When comparing A List Apart vs freeCodeCamp, the Slant community recommends A List Apart for most people. In the question“What are the best websites to learn about web design?” A List Apart is ranked 2nd while freeCodeCamp is ranked 10th. The most important reason people chose A List Apart is:
A List Apart has a difficult [review process](http://alistapart.com/about/contribute) for their articles that insures well written, helpful articles from established industry professionals.
Ranked in these QuestionsQuestion Ranking
Pro High quality writing
A List Apart has a difficult review process for their articles that insures well written, helpful articles from established industry professionals.
Pro Topics cover a wide range
A List Apart covers a range of topics beneficial to those learning web design, with some topics having 100's of posts that cover the category. Categories include Process, Content, Industry and more.
Pro Completely free
Free for anyone who wants to take the camp.
Pro Open source
Due to freeCodeCamp being open source, you are able to contribute to the program that helped teach you how to code in the first place. It's a great way to give back and gain experience.
There is no set schedule with freeCodeCamp. You can work through the program as fast or as slow as you want.
All courses used by freeCodeCamp are done in the browser, rather than students having to set up their own environment. This makes it much easier for beginners to get started.
Pro Actively developed
They are frequently updating courses and adding new material.
Pro Welcoming, active community
freeCodeCamp strongly encourages interacting with other learners and experienced programmers. They provide chatrooms which are always active and full of members happy to answer any questions you may have. Pair programming (programming with another user) is encouraged as a great way to work through some of their coding challenges.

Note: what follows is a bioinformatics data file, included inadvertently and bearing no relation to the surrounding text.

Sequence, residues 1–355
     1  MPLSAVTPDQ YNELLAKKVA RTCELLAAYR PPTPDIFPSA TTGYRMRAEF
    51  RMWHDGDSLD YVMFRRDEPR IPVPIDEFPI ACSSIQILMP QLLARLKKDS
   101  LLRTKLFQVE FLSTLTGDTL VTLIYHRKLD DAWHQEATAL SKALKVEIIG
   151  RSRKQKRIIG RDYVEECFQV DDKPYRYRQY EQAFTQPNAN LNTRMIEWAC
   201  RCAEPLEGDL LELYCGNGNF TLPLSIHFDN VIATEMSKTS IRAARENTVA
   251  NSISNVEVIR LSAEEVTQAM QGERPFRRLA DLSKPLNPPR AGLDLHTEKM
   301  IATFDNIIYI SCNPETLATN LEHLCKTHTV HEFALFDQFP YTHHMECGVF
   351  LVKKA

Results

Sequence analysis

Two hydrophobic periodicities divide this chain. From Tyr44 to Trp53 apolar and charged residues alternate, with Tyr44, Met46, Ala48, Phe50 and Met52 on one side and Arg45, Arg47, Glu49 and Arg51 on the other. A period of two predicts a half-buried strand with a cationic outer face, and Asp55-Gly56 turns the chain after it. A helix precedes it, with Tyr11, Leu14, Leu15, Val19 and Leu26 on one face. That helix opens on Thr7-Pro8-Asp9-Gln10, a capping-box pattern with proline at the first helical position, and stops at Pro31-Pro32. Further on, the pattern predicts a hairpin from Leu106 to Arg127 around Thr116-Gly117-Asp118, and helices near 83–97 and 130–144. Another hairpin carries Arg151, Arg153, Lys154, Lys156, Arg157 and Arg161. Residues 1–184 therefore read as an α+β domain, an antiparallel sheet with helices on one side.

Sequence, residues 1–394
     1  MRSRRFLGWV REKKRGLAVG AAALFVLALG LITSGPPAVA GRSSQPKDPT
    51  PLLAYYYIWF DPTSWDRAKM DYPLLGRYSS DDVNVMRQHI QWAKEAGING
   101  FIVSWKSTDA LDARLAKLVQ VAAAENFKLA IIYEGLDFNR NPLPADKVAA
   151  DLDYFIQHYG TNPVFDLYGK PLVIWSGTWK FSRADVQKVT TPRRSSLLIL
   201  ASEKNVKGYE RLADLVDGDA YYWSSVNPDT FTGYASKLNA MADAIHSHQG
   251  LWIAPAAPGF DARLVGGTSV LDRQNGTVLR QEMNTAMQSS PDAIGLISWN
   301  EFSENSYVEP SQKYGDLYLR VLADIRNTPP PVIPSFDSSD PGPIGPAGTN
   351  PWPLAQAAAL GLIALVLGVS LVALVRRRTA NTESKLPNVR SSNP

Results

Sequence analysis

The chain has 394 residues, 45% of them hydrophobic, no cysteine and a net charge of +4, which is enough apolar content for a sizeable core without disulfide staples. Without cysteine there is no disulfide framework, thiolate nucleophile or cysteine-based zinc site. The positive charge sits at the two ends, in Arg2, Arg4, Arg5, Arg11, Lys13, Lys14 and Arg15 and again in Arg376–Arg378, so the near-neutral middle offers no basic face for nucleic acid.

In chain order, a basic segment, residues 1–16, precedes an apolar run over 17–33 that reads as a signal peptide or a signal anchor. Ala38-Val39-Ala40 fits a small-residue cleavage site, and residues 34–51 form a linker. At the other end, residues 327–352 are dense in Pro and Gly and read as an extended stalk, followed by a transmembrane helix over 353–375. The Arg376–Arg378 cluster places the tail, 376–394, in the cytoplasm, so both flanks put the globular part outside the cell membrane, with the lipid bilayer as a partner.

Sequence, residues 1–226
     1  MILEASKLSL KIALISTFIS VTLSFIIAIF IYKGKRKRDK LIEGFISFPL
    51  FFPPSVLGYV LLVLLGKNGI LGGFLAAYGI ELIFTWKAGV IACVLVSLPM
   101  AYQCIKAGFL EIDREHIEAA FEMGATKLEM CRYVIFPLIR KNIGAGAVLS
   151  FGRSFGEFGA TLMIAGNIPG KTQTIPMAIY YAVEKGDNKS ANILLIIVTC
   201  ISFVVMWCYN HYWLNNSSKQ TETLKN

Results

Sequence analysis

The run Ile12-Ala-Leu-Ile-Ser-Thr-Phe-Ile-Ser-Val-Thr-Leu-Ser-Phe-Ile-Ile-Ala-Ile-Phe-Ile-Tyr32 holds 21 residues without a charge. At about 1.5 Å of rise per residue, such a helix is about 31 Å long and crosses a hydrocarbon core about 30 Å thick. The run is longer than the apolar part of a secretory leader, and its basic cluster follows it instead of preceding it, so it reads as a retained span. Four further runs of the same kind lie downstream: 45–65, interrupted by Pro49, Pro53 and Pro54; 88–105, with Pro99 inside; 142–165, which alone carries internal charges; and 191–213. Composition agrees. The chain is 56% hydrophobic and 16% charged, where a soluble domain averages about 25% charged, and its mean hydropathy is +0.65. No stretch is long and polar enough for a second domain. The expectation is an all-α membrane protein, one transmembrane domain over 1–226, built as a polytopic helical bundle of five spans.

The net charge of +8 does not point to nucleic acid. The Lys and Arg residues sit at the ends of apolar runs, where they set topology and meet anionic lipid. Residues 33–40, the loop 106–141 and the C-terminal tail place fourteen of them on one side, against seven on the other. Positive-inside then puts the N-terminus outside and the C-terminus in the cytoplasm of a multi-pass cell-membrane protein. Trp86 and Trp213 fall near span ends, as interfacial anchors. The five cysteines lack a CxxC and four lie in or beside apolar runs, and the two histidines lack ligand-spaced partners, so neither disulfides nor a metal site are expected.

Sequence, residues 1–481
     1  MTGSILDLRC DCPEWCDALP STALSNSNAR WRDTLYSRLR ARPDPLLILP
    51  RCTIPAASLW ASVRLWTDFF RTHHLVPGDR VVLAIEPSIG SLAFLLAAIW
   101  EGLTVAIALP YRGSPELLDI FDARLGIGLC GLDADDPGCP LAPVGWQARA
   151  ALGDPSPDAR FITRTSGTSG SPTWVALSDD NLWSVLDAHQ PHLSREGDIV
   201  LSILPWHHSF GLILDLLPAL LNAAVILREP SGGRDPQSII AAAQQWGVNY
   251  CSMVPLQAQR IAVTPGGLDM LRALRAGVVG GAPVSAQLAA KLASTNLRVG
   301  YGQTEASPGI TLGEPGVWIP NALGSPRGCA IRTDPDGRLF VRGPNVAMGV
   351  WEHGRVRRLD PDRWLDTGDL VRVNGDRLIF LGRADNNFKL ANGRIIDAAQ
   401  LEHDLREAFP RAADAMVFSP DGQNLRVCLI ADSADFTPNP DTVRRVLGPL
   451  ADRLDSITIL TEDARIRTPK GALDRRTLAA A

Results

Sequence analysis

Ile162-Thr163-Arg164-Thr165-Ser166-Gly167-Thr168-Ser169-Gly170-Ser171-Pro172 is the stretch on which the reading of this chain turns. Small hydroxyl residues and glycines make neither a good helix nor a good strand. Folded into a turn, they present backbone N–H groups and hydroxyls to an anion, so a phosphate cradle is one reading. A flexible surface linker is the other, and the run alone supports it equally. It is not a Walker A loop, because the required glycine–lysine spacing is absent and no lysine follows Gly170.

There are also meetup groups where you can code in person with other freeCodeCamp students.
Pro Gain real world experience while helping nonprofits
Once you've completed all the courses and practice levels on freeCodeCamp, you are able to participate with other learners on developing software for non-profits. It's an amazing way to gain experience and build your portfolio as a developer, while helping out a non-profit organization.
Pro Six certificates available
There are currently six certificates available that you can get once you've completed all the projects:
- Responsive Web Design Certification
- Front End Libraries Certification
- Data Visualization Certification
- Apis And Microservices Certification
- Information Security And Quality Assurance Certification
Pro Full stack certificate
There is a cool Full stack certificate
Con Not as relevant anymore
In recent years, the site's content has shifted from talking about real-world examples, nuances and discussions about low-level ideas to generalizations and overall, commonly accepted theories about web design.
Con Is an email list generator
Early focus isn't on programming. It is on signing up for all of FreeCodeCamp's social media and getting looped into their newsletters. The content is trivial. It is all just a massive marketing scheme to get email addresses of aspiring programmers to affiliate sell to by pushing novice developers to blog posts containing affiliate links.
That is until they sell to a 3rd party. Read their disclaimer. Whoever buys them out gets all their user data, email lists, etc.
Con Learning material is not in-depth
The teaching content provided by freeCodeCamp tends to act more as an introduction than a solid learning resource. Unless you already have some prior experience, you won't have enough knowledge to get through the coding challenges and development projects without using outside learning resources to fill in the gaps.
Con No offline version
Con No longer offers opportunity to build projects one-on-one with nonprofits
There are no nonprofits to help upon completing the program.
Con Massive time waste
Content mainly focuses on trivial concepts and is very sparse in those few areas that inch beyond 'complete beginner'.
Con Excessive focus on the basics
This platform focuses too much on the basics.